What Is the Military Alphabet?


Quick Answer

The military alphabet is a phonetic alphabet that replaces letters with words. For example, A becomes Alpha, B is Bravo, C is Charlie and D is Delta. Each word is distinct from the other words for clarity of communication, especially important when troops must communicate via radio.

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Full Answer

The military or phonetic alphabet helps people to distinguish between letters that sound the same. M and N, which sound very similar, become Mike and November, words that are easily distinguished from each other. D and T, two other similar letters, become Delta and Tango. Likewise, C and E become Charlie and Echo.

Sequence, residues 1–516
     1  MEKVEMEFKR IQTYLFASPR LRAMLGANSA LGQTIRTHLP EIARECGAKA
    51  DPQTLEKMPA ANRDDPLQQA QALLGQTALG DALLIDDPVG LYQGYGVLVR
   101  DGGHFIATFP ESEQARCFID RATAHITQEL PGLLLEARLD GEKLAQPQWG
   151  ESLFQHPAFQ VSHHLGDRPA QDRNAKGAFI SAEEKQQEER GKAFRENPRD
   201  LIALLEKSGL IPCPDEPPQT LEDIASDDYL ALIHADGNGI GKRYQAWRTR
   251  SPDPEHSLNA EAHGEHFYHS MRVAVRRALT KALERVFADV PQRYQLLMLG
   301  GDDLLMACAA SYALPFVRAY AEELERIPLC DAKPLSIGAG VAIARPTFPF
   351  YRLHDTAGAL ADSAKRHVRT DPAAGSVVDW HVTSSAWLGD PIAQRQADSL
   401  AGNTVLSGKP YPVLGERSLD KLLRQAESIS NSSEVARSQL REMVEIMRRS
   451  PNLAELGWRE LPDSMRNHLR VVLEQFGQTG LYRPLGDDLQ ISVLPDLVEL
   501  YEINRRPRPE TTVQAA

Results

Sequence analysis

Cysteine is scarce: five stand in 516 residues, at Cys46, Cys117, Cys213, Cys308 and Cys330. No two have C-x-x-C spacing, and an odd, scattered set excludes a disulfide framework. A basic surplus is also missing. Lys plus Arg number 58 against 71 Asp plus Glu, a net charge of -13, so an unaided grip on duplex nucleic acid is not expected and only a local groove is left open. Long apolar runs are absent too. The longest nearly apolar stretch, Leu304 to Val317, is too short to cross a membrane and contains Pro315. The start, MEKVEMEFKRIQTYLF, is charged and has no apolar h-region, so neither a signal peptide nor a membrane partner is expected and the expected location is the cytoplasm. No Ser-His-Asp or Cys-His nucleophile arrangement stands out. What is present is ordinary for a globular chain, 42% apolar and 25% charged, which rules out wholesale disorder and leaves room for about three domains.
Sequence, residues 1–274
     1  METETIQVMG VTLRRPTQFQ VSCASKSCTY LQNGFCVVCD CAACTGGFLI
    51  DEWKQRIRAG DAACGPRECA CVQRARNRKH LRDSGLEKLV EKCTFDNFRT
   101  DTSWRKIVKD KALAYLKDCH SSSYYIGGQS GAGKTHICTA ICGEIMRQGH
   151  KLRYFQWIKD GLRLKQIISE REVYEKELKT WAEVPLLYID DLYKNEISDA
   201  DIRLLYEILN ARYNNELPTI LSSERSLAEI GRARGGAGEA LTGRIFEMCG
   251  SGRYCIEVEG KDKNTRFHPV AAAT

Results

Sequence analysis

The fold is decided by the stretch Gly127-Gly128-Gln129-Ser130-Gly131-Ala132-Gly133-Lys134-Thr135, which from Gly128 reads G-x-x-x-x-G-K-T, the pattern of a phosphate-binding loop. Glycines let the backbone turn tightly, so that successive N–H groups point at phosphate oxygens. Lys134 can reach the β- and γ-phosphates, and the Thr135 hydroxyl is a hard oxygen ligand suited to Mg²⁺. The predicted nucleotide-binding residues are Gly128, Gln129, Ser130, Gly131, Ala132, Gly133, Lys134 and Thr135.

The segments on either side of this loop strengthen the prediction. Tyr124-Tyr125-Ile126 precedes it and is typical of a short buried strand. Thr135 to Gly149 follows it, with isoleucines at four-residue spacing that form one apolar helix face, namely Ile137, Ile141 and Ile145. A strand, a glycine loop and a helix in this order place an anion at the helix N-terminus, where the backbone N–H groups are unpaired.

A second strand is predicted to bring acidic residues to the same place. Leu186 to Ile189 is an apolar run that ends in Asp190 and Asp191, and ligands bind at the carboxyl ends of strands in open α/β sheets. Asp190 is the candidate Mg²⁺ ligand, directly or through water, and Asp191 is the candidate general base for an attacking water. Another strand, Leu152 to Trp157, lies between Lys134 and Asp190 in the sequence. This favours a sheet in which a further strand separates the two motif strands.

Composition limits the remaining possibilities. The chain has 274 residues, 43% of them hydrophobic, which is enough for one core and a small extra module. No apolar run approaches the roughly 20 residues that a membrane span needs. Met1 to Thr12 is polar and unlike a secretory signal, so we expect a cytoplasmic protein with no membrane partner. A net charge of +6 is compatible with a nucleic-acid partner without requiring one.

The military alphabet was first established in 1913. However, the words representing letters have changed since then. The word for A was first Able in 1913, changed to Affirmative in 1927 and was shortened to Afirm from 1938 through World War II. A only became Alpha or Alfa in 1957. J for Juliett first started out as Jig until 1957. As of 2014, only a few letters and words, such as X-ray for X and Mike for M, have remained constant since 1913. A few other letters and words have changed only a little. For instance, Foxtrot started out as Fox. The current phonetic alphabet was established in 1957 by international agreement.

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